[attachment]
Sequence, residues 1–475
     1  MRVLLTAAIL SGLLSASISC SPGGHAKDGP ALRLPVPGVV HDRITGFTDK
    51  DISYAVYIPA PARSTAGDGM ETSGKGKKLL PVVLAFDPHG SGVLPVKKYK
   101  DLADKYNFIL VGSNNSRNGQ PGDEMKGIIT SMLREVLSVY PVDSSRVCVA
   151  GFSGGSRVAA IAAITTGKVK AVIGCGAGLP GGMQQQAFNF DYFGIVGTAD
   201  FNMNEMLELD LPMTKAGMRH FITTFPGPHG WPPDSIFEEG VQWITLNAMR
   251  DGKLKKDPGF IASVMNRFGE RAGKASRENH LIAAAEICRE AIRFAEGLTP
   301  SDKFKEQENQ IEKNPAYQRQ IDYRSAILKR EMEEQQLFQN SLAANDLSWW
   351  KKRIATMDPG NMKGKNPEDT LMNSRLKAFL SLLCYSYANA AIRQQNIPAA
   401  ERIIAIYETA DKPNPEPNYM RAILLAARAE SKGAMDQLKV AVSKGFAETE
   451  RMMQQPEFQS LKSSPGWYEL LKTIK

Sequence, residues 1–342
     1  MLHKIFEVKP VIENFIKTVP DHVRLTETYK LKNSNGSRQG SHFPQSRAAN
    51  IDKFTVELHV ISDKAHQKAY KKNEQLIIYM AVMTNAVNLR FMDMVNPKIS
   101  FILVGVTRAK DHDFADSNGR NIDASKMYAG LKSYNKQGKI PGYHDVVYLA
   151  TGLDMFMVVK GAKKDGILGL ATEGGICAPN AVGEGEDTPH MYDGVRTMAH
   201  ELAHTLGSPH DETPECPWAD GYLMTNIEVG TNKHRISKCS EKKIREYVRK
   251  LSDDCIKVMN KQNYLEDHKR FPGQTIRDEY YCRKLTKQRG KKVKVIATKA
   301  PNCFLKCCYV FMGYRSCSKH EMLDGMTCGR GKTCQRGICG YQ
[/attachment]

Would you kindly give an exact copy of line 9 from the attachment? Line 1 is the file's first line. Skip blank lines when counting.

   351  KKRIATMDPG NMKGKNPEDT LMNSRLKAFL SLLCYSYANA AIRQQNIPAA